Nina Simone died 20 years ago. From Mississippi Goddam to Four Women, the 10 iconic songs

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On April 21, 2003, Nina Simone, legend of jazz, soul, blues and more, died in France. Voice of the African American community and civil rights activist, excellent pianist as well as singer, she was born on February 21, 1933 in North Carolina. Her real name was Eunice Kathleen Waymon, but she chose to become Nina Simone on stage: Nina as niña in Spanish, the nickname with which she called her an old boyfriend, Simone as Simone Signoret. Twenty years after her disappearance, we remember this timeless artist by retracing 10 of her most famous songs.

My Baby Just Cares For Me (1958)

Let’s start with what is considered one of Nina Simone’s most beautiful songs: My Baby Just Cares For Me from 1958. It is a cover of a song from the 1930s, but Nina Simone’s is certainly the best known version. It is part of the artist’s debut album, Little Girl Blue – Jazz as played in an exclusive side street club. But the song remained almost unknown until 1987, when the fashion designer Coco Chanel chose it as the soundtrack of the Chanel No. 5 perfume television advertising campaign. The commercial was a huge success and the song entered the charts of several countries, becoming one of Nina Simone’s biggest hits. A music video directed by Peter Lord was also made. In those years, many rediscovered the music of this artist, who had become an icon of jazz. So much so that, after a break, Nina Simone left for a world tour: at the end of each show she sang this very song, which had helped her get back on track.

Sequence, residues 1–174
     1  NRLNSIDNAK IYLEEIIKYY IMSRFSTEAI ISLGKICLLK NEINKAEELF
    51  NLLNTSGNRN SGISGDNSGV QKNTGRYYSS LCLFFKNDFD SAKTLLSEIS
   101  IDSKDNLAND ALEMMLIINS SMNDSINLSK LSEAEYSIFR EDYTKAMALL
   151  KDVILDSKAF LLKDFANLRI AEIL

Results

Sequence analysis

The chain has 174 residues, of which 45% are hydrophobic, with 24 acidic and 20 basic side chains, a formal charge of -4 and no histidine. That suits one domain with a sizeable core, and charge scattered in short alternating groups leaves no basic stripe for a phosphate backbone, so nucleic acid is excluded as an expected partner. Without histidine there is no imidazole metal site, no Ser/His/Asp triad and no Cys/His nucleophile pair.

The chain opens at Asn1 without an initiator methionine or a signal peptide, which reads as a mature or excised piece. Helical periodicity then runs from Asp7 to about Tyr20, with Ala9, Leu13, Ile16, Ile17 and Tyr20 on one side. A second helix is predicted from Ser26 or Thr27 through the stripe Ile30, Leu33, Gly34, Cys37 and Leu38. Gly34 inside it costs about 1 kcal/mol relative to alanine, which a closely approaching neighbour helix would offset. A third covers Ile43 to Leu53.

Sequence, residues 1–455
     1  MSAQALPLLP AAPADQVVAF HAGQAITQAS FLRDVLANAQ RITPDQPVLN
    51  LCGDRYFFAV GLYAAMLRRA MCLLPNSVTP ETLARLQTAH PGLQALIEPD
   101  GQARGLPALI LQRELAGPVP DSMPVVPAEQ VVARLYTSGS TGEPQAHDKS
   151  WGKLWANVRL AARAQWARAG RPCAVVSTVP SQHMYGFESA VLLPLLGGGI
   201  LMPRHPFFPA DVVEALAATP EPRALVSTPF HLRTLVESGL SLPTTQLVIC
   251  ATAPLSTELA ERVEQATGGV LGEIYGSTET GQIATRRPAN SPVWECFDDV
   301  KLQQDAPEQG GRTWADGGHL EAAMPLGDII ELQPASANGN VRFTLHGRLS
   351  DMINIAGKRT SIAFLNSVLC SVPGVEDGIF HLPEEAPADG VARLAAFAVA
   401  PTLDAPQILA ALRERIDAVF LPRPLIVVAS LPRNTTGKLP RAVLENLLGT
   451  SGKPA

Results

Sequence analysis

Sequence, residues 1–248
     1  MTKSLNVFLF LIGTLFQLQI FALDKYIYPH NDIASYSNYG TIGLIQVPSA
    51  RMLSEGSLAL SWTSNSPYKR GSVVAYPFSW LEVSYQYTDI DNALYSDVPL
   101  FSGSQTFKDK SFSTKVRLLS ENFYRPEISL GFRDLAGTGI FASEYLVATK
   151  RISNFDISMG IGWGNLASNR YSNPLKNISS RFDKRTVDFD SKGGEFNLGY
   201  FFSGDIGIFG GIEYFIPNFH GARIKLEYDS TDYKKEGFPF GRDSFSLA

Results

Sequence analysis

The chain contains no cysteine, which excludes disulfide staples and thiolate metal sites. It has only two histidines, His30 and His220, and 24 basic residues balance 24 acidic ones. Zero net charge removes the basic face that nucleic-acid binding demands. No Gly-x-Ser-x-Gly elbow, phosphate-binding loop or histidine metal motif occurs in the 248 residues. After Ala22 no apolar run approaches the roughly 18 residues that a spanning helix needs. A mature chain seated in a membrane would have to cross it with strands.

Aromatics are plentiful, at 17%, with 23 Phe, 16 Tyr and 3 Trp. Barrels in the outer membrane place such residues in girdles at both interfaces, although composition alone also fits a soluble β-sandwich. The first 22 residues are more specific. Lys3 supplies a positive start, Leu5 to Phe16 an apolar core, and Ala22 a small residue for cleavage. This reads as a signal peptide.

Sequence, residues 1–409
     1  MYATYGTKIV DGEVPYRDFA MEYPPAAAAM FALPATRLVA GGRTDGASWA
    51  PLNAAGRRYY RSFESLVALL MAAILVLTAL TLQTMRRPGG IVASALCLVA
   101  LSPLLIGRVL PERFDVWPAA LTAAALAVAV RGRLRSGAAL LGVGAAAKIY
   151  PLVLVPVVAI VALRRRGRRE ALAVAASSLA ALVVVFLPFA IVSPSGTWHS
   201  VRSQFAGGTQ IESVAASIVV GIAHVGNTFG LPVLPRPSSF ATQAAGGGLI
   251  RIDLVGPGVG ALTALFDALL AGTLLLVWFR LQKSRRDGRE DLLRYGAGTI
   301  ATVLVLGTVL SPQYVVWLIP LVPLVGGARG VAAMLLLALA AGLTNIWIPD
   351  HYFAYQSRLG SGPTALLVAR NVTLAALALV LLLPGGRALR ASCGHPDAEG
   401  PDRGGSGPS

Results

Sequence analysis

I love you Porgy (1958)

It is also part of Nina Simone’s first album I love you Porgy. Also in this case it is a cover: the song comes from Porgy and Bess, a work by George Gershwin from the 1930s which tells the love story between Porgy and Bess. With this song Nina Simone won the Grammy Hall of Fame Award in 2000.

Mississippi Goddam (1964)

Among the most incisive songs of Nina Simone, which has become a civil rights anthem, there is Mississippi Goddam. The song is part of the album Nina Simone in concert in 1964, in which there are recordings of some concerts held by the artist a few months earlier at Carnegie Hall. The song, said Nina Simone, was written in less than an hour and represents her reaction, furious and lucid, after the 1963 murder of African-American American activist and politician Medgar Evers in Mississippi and the raid that killed four black girls that same year at 16th Street Baptist Church in Birmingham, Alabama. The passage, with crude words, denounces the violence that the black American community has endured for centuries. A language so explicit that several radio stations decide not to broadcast it. For Nina Simone it is a crucial moment: she becomes friends with Martin Luther King and Malcolm X and her career, like her life, has an activist turn.

Don’t Let Me Be Misunderstood (1964)

Another famous song by Nina Simone, which over the years has been covered by various artists, is Don’t Let Me Be Misunderstoodfeatured on the album Broadway-Blues-Ballads from 1964. The song was written by Bennie Benjamin, Gloria Caldwell and Sol Marcus. It tells the complexity of human emotions, the artist’s fear of being misunderstood by her lover, her need to be understood. Once again, it showcases Nina Simone’s unique vocal style, with a slow, deep melody that pairs perfectly with her husky voice.

I put a spell on you (1965)

In 1965 the album was released I put a spell on you. The first track is the song of the same name. It’s a cover of a 1956 Screamin’ Jay Hawkins song that has become a classic: over the years it has been interpreted by various artists, with Nina Simone’s version being one of the most famous. The singer’s powerful and emotional voice is accompanied by a slow and sensual melody. The lyrics are about a woman trying to win back her lover.